Figure 2: Schematic diagram of the low-temperature part of a dilution refrigerator. The components are described in the text.

is a few hundred millibar. It enters the cryostat and is precooled by the 4 He bath to 4.2
K.
2. The 3 He enters the vacuum chamber. There it is further cooled to the temperature T1K
of the 1K bath, which is around 1.2-1.5 K. As pc is larger than the 3 He vapor pressure
pv (T1K ) at T1K the 3 He condenses in the heat exchanger with the 1K bath. The heat of
condensation is removed by the 1 K bath.
3. Next the 3 He enters the main impedance. The value of the ow resistance is chosen in
such a way that pc > pv (T1K ) for the design ow rate of the machine.
4. Next the 3 He exchanges heat with the still at a temperature TS which is around 0.5 to 0.7
K.
5. Next the 3 He enters the secondary impedance. The value of the ow resistance is chosen
in such a way that the pressure of the 3 He in the heat exchanger to the still is larger than
the local vapor pressure pv (TS ). This prevents that the 3 He, which was liqueed in the 1 K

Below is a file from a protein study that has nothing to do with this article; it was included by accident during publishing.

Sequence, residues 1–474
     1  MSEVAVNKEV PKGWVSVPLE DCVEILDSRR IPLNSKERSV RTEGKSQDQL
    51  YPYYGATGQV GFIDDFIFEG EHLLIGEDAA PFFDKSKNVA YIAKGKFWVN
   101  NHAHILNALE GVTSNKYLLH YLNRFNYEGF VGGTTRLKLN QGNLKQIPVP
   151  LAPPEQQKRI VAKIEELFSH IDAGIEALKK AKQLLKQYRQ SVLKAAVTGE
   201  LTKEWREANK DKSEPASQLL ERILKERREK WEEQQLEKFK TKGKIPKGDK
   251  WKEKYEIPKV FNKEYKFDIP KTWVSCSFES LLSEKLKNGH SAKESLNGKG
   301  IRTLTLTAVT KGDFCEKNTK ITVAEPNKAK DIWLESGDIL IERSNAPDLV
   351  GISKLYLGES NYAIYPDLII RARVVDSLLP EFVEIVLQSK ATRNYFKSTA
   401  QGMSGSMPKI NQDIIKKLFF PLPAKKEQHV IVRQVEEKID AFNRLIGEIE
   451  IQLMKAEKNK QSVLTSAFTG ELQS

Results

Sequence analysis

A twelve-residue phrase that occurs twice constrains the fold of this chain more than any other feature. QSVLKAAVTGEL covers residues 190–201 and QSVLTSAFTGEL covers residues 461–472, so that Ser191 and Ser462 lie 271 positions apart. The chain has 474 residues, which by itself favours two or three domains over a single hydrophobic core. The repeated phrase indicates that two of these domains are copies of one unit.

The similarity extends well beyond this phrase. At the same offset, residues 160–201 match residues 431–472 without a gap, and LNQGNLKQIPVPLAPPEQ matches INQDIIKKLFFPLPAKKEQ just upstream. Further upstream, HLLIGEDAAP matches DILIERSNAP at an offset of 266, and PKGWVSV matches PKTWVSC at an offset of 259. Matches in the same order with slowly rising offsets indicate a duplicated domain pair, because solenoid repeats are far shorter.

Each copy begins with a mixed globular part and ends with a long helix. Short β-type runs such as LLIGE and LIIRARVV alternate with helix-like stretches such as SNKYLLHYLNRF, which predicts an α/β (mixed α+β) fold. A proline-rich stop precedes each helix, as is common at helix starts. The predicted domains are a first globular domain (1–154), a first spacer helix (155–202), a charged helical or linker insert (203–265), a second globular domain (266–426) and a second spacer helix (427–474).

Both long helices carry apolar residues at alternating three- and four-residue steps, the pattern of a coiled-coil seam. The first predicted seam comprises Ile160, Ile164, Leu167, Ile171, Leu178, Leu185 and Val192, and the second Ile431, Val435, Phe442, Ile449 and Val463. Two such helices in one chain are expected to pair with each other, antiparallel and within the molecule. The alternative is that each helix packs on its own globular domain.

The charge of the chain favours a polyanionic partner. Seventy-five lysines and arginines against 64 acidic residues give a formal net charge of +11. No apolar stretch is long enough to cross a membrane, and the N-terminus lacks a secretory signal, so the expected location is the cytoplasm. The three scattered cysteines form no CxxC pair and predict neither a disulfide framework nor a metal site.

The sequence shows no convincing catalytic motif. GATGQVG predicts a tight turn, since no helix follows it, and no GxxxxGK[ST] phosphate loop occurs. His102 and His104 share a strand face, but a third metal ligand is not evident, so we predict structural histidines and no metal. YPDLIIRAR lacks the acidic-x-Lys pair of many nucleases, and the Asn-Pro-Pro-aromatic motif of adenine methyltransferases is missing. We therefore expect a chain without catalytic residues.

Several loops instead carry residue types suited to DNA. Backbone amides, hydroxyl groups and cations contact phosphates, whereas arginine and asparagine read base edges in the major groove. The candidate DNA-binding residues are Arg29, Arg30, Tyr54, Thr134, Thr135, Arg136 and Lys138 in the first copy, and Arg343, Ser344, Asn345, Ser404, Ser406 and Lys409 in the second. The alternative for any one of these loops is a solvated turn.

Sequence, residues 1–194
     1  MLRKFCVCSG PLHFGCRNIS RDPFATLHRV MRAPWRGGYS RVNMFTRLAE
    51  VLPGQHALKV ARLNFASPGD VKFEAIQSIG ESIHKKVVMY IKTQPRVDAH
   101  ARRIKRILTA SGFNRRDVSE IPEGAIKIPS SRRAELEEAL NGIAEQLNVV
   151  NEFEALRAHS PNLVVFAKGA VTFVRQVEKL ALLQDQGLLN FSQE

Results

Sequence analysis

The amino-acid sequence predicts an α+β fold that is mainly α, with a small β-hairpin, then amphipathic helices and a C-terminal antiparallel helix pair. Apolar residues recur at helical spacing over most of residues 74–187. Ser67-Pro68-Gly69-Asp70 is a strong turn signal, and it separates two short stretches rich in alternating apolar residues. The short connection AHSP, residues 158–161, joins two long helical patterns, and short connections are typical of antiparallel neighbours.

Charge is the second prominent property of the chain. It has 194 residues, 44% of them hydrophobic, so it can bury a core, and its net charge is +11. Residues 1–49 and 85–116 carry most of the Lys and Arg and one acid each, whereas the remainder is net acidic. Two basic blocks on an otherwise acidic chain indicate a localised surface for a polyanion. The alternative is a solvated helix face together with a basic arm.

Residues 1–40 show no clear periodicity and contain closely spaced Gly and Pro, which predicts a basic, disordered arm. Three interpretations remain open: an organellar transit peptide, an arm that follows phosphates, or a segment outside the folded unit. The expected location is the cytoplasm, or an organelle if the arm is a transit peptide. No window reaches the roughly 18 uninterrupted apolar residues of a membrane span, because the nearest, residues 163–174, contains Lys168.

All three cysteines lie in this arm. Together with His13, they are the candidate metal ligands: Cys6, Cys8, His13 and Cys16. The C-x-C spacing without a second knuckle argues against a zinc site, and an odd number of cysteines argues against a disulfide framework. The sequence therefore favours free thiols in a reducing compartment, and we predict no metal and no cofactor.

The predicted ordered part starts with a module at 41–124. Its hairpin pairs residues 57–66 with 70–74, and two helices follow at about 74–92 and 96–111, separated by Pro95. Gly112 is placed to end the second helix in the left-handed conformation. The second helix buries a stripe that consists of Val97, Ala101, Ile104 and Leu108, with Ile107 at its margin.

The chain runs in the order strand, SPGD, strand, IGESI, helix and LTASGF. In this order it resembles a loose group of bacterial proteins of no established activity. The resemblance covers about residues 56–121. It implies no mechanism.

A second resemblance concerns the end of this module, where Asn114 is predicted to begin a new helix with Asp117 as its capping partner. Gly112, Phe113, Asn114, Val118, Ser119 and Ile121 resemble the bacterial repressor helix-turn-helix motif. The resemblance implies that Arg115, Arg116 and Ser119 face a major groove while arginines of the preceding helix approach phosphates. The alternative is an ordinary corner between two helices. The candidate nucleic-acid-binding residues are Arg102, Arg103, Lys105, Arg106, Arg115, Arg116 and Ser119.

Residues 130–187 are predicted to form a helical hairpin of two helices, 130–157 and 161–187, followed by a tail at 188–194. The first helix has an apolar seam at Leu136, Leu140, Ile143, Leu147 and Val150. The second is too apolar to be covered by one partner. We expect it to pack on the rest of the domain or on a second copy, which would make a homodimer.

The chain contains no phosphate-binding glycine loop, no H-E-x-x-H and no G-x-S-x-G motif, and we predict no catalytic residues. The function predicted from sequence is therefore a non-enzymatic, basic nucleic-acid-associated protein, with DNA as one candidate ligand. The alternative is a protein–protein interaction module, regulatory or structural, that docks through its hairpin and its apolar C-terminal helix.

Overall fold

3

bath, evaporates again in the still heat exchanger. With TS = 700 mK the vapor pressure
pv is about 100 Pa.
6. Next the 3 He enters a set of counterow heat exchangers where it is cooled by the 3 He in
the dilute phase which ows upward in the other side of the heat exchangers. Usually the
heat exchangers in the high-temperature region are of the tube-in-tube type. In the colder
regions they are more complicated.
7. After leaving the coldest heat exchanger the 3 He enters the mixing chamber. In the
mixing chamber the 3 He passes the phase boundary (is diluted) between the concentrated
phase and the dilute phase. The heat needed for the dilution is the cooling power of the
refrigerator. The 3 He leaves the mixing chamber in the dilute phase.
8. On its way up the cold 3 He in the dilute phase cools the warm ow of 3 He in the concentrated phase owing down.
9. The 3 He enters the still. The liquid in the still contains only 0.7% 3 He; the rest is 4 He.
Yet the vapor in the still is practically (96%) pure 3 He. A heating power Q_ S is supplied